So you’ve just been offered the job of your dreams, and now all that’s left to do is simply dot a few ‘i’s and cross a few ‘t’s, right? Wrong. Before you even consider picking up a pen and signing employment documents, here’s what you should know:
1) At-will employment vs. fixed term
When agreeing to at-will employment, you are acknowledging the fact that you, as an employee, may quit at any time. However, keep in mind that because you have the right to leave at any time, your employer also has the right to terminate you at any time, without cause. This is particularly important if you are scheduled to receive a certain kind of compensation (stock, health benefits, etc) after a specified period of time. Your employer can fire you the day before that compensation comes into existence, with no recourse for you.
Fixed term employment states the duration of employment, and a valid cause for termination is required. Don’t get too comfortable just yet…employers have the right to include an at-will clause in the agreement, which can inevitably trump any fixed term employment aforementioned in the contract.
2) Job Title & Responsibilities
This might seem like an obvious one, but can be so easily overlooked. What are your responsibilities for this particular position? What criteria will your employer be using to evaluate your performance on the job? Will your duties remain constant, or shift over time?
These are the types of questions you should be asking yourself when reviewing your employment documents to avoid any confusion down the road. Not only that, but especially if you are a fixed-term employee as discussed above, the evaluation procedures can be important if they want to terminate you ‘for cause.’
3) Compensation & Benefits
While you may have already thoroughly discussed your compensation package with your employer, it is in your best interest to check for any nuances before signing anything.
A few things to keep in mind:
- Base Salary
- Annual bonus provisions
- Health benefits
- Vacation time & sick leave
- Equity (stock ownership)
- Note: If you are given equity by a company you should be aware how the shares of stock are granted. Are they restricted stock? Stock options? Vesting schedule? Cliff? Be aware of all the terms and research them thoroughly to know whether you have to actually purchase your shares or whether you have to be at the company for a certain amount of time before you get the stock.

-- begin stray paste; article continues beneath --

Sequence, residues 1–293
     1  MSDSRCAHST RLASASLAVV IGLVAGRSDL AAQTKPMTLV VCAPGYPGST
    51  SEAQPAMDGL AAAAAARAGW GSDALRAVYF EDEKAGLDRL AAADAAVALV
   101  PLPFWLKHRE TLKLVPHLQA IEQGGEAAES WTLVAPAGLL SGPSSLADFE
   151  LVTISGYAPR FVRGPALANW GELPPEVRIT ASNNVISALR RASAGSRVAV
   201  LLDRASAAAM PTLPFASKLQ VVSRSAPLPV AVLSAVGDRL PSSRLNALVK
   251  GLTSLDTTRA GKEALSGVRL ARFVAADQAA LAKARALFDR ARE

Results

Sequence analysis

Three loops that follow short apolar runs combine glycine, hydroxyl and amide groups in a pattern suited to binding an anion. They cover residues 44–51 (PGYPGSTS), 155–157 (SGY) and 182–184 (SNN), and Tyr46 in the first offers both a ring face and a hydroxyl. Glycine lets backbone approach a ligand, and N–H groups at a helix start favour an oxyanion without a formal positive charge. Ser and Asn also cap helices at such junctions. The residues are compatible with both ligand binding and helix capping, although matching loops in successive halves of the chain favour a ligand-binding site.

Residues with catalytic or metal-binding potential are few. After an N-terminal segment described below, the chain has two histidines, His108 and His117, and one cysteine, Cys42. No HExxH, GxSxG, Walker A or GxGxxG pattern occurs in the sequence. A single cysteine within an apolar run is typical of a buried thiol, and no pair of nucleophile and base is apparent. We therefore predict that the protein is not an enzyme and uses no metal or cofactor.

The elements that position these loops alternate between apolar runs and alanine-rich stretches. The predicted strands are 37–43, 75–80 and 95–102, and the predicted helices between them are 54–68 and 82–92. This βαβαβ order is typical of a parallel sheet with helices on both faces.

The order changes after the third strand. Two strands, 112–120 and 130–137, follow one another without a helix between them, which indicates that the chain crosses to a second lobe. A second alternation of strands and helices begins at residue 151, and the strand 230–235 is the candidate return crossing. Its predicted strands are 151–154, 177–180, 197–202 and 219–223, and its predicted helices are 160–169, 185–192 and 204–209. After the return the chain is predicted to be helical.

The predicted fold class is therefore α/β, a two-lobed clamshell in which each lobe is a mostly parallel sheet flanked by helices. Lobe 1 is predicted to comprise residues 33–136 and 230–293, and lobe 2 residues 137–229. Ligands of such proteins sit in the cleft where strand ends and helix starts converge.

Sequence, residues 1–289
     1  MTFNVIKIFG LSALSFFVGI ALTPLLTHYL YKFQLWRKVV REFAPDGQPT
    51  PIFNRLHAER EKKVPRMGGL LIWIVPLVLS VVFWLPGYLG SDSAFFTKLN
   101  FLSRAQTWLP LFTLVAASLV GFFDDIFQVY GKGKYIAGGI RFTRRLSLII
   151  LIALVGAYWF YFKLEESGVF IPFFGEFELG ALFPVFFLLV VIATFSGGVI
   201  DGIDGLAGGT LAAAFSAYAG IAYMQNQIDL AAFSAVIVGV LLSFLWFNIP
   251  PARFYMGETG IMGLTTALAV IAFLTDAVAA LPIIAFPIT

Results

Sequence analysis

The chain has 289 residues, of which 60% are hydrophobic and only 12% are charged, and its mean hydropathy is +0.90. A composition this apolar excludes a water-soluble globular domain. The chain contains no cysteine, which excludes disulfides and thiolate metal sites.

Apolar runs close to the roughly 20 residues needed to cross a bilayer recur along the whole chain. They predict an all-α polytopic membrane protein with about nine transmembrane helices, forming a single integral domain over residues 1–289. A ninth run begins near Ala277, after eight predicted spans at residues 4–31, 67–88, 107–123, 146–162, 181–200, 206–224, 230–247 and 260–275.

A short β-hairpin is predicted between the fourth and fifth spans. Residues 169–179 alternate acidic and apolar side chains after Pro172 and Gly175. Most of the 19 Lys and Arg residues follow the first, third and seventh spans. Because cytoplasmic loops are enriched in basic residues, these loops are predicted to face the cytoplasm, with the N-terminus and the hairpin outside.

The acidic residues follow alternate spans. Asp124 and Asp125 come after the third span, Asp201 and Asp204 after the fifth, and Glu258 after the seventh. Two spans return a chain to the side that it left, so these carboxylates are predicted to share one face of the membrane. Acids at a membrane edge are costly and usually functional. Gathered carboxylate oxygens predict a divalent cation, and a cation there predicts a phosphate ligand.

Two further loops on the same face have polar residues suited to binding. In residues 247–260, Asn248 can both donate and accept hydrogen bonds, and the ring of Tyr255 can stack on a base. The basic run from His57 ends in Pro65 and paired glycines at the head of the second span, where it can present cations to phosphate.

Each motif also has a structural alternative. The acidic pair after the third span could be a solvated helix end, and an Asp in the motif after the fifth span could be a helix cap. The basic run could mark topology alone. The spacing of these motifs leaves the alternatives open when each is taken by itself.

It is crucial to have a clear understanding of just what you are and aren’t at liberty to discuss. Failure to uphold the confidentiality required of you could result in serious repercussions, including a potential lawsuit if you disclose extremely sensitive information about a client which results in harm to them. If you are even slightly unsure of what is expected, you should consult with both a lawyer and your future employer. In this instance, it is much better to ask permission than ask for forgiveness.
5) Non-compete clause
The non-compete clause prevents an employee from going to work for a competitor for a specified duration after an employee has left his/her company. The purpose of the non-compete clause is namely to prevent trade secrets from being leaked to a competing firm, and additionally, to prevent the employee from starting a competing firm of his/her own.
*California employees cannot be subjected to non-compete agreements due to the fact that they are not enforceable in CA. However, while California employees are exempt from the non-compete clause, there are a number of other ways companies can enforce the protection of their trade secrets.
6) What isn’t written in your contract is just as important as what is.
You’ve read your contract top to bottom, forwards and backwards…not a single thing is getting past you, Sherlock. While I hate to be the bearer of bad news, it turns out, the language used in employment documents isn’t as straightforward as you would think. While you may have a pretty solid understanding of what to look for, it’s actually rather difficult to spot what’s being left out.
This is where an attorney can be of great assistance in helping you understand just what is expected of you, and what you in turn can expect of your employer. Go here if you need a lawyer to review your employment agreement.